Arizona poised for deep cuts to Colorado River water usage under draft regulations

By: - April 15, 2023 8:43 am

Water flows from the bypass tubes of Glen Canyon Dam at a rate of approximately 32,000 cubic feet per second Nov. 21, 2004 in Page, Arizona. Photo by Jeff Topping | Getty Images

As the ongoing drought continues to impact the water supply from the Colorado River Basin, Arizona, California, and Nevada may face some new water regulations introduced by the Department of Interior in their draft of the Supplemental Environmental Impact Statement (SEIS), and Arizona stands to face deep cuts in water usage.

“Drought conditions in the Colorado River Basin have been two decades in the making,” Bureau of Reclamation Commissioner Camille Calimlim Touton said. “To meet this moment, we must continue to work together through a commitment to protecting the river, leading with science and a shared understanding that unprecedented conditions require new solutions.”

The Department of Interior’s Bureau of Reclamation issued the SEIS on April 11. It introduces operating guidelines to address the low run-off conditions and water shortages impacting the Colorado River Basin. 

“The Colorado River Basin provides water for more than 40 million Americans,” said Deputy Secretary Tommy Beaudreau. “It fuels hydropower resources in eight states, supports agriculture and agricultural communities across the West, and is a crucial resource for 30 Tribal Nations. Failure is not an option.”


The Colorado River Basin also supplies water to nearly 5.5 million acres of agricultural lands, hydroelectric renewable power, recreational opportunities, habitat for ecological resources, and other benefits across the southwestern United States and northwestern Mexico.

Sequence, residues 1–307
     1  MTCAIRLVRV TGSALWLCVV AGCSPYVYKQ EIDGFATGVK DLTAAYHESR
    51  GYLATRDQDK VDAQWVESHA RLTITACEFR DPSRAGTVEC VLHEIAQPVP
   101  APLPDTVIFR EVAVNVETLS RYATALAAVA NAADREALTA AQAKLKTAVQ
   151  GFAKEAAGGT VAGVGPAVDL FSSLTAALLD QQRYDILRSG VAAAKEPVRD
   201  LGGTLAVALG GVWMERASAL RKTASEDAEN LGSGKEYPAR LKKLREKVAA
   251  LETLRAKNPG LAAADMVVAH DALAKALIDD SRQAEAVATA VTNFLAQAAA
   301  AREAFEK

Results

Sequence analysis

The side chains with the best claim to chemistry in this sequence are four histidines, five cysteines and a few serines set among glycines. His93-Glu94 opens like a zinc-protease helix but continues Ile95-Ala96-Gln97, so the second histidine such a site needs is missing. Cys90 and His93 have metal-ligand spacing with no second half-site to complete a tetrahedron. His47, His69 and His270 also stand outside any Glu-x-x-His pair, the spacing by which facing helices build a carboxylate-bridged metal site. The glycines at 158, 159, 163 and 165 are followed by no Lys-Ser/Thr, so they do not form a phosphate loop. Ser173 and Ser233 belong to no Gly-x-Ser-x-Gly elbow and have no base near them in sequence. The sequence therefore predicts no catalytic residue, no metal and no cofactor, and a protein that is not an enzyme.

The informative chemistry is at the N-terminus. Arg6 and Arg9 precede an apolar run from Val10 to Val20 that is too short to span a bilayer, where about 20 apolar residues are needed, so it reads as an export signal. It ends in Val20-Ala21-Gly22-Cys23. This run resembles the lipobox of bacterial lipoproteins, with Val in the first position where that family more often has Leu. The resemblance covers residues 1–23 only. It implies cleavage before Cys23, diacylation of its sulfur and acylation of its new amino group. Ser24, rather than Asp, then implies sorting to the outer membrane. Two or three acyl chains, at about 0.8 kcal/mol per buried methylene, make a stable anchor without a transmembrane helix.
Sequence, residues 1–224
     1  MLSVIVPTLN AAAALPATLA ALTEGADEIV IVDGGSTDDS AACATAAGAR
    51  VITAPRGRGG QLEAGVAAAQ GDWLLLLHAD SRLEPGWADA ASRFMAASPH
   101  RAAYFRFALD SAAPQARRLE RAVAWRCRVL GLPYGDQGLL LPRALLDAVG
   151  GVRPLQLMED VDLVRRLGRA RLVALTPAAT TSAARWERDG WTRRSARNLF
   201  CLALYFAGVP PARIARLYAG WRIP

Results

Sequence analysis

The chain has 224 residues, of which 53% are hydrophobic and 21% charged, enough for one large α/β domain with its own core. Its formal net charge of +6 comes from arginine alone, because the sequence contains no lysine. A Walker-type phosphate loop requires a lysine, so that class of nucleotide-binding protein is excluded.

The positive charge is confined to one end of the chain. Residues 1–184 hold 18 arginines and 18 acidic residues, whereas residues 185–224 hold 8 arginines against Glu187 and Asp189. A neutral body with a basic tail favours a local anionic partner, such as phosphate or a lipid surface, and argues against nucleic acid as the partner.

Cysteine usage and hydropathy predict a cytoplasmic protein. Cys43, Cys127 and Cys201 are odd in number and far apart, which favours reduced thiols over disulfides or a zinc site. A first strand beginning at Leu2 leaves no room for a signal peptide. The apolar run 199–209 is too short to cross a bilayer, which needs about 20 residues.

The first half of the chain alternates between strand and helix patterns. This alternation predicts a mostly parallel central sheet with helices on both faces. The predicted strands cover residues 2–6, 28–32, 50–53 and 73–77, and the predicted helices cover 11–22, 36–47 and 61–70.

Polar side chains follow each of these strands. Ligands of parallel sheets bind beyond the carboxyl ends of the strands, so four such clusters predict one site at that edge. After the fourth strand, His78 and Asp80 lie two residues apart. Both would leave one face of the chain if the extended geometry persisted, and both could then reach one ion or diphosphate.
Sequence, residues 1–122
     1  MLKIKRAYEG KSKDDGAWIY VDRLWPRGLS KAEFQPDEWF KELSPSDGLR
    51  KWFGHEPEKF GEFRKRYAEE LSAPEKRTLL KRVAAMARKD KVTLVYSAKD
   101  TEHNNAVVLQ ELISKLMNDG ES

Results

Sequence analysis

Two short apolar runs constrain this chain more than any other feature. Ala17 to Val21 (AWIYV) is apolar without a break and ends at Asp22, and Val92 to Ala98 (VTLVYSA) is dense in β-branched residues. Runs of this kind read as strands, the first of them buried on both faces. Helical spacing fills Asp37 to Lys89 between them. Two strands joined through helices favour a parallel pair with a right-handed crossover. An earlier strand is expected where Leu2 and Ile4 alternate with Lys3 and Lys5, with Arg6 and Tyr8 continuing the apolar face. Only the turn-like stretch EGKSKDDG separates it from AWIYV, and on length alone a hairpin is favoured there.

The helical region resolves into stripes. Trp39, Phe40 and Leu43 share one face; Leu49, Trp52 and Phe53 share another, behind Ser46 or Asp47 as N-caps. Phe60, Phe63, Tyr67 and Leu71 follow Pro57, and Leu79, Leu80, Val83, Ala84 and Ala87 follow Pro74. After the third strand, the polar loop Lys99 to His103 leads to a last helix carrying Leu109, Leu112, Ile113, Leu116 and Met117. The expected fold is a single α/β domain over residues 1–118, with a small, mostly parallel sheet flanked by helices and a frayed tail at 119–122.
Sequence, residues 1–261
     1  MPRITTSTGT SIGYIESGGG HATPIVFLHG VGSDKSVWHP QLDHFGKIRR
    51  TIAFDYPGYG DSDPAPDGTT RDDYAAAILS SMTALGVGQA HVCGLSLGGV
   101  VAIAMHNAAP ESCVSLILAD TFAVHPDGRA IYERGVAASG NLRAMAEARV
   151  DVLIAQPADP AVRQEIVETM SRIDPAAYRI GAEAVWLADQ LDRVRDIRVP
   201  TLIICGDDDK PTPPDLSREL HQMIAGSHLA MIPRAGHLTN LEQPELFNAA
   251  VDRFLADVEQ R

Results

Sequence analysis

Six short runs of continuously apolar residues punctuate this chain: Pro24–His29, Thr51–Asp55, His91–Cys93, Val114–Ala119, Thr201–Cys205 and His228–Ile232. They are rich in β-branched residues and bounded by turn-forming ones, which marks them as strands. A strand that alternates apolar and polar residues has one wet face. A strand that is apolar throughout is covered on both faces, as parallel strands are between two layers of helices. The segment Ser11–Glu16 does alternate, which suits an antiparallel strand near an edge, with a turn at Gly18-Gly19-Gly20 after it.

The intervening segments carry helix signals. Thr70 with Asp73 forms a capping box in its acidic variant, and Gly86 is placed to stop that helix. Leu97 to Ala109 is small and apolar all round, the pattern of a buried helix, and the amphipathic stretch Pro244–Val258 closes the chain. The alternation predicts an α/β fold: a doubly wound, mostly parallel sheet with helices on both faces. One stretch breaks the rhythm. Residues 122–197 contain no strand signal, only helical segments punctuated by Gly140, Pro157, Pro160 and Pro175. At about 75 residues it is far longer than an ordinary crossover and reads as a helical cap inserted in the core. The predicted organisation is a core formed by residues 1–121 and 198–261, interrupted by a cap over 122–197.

Through the SEIS draft, the Bureau of Reclamation proposes revising the 2007 Interim Guidelines for the operation of Glen Canyon and Hoover Dams beginning in 2024. The revision addresses the potential for continued low-runoff conditions in the Colorado River Basin. 

With no plan, Arizona is the only state to experience water cutbacks, with California and Nevada seeing no impacts. Arizona would see a 178,000-acre-foot water cut. That would result in an estimated $116 million loss in agriculture production, a $108 million loss in income and more than 1,600 jobs lost.

Arizona’s losses become more dire under the alternative action plans proposed in the draft: The state would see a maximum 741,000 acre-foot water cut, resulting in more than $264 million in lost agriculture production, a $452 million loss in income, and more than 7,000 job losses.

The potential impacts of low runoff conditions in the winter of 2022–2023 and the remainder of the interim period pose unacceptable risks to the routine operations of Glen Canyon and Hoover Dams, the Bureau of Reclamation stated. Therefore, modified operating guidelines needed to be developed.

The draft SEIS includes proposed alternatives to revise the December 2007 Record of Decision associated with the Colorado River Interim Guidelines. The 2007 Interim Guidelines provide operating criteria for Lake Powell and Lake Mead.